I also want to reinforce the question why what may be an adequate philosophy of machine learning should also be an adequate philosophy of science. Is it because there is an assumption that the type of learning studied in machine learning is the same or similar to what scientists do? To me, this is no assumption but simply an open empirical question about what cognitive processes are involved as scientists do research and draw inferences about the world. It is an interesting question and, as some think, it may be creating a need for a “cognitive science” of science. But to do that we should first have a methodologically sound and reliable cognitive science. How can that be secured? I think that is exactly one of the places where collaborations between statistical science and philosophy of science can be of real use…

    • Emrah: these are good questions and thoughts. I wish we had taken up more of them at the recent conference. I think the machine learner’s “instrumentalism” is of the naive sense data sort, which is very different from van Fraassen’s constructive empiricism. I think they regard the choices to be between ‘rationalism’ and ‘instrumentalism’ in the old naive sense. See my comment for an explanation.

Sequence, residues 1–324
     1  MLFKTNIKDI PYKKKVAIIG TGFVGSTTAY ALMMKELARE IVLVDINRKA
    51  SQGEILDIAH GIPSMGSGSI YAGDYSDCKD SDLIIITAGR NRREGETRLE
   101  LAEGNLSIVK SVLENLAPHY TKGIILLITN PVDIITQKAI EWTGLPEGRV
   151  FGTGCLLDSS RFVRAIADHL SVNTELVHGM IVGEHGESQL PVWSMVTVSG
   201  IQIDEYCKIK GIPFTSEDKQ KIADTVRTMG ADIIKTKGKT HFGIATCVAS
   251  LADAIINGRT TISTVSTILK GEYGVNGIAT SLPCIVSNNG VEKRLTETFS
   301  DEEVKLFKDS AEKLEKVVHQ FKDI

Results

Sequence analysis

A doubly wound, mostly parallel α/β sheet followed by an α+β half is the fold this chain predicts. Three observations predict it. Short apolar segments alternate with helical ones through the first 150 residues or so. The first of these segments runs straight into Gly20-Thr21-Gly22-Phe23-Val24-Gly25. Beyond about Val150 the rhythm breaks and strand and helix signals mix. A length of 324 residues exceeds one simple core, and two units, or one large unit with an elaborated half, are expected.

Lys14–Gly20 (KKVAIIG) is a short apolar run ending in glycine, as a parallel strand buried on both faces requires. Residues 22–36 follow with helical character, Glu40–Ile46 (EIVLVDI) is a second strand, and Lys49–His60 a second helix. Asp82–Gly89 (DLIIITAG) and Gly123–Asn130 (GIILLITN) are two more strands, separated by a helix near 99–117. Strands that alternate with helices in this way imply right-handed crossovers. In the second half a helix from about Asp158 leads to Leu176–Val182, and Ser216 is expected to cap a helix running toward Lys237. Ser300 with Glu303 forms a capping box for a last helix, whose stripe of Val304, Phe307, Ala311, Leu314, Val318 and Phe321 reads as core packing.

I do think there is something “seriously wrong with instrumentalism as a very general view on large-scale theories of science” because, for starters, scientists are not content merely to predict without understanding things like mechanisms and causes. For seconders, it’s not clear how there could be empirically warranted theoretical knowledge, or large scale theories as even approximately capturing what is the case about such entities as genes, gravity, electrons, etc. according to their conception, as I understand it. As you know, I emphasize experimental knowledge, which some (e.g., Musgrave) had viewed as anti-realist, yet error statistics decides on a case by case basis. But I think your deeper question is quite right: why are they trying to argue from these classification-prediction problems to a general philosophy of science? And even if they do think their work fits instrumentalism, what are they adding to many existing empirical accounts in philosophy of science?